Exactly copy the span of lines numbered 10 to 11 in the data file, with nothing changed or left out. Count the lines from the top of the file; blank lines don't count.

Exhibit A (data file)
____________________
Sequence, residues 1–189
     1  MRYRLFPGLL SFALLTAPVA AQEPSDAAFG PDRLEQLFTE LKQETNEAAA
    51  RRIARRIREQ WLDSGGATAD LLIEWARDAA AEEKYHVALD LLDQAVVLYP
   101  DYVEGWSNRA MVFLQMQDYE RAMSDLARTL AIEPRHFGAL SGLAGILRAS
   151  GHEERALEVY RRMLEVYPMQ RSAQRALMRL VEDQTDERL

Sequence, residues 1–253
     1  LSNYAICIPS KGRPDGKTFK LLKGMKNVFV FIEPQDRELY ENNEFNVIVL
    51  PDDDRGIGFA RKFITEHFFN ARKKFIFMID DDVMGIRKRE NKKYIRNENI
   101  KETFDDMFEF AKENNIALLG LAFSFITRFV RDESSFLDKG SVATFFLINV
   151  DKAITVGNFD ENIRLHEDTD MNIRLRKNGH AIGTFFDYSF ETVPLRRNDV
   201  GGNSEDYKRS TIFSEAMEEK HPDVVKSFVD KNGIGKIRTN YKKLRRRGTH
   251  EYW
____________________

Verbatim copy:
   151  DKAITVGNFD ENIRLHEDTD MNIRLRKNGH AIGTFFDYSF ETVPLRRNDV
   201  GGNSEDYKRS TIFSEAMEEK HPDVVKSFVD KNGIGKIRTN YKKLRRRGTH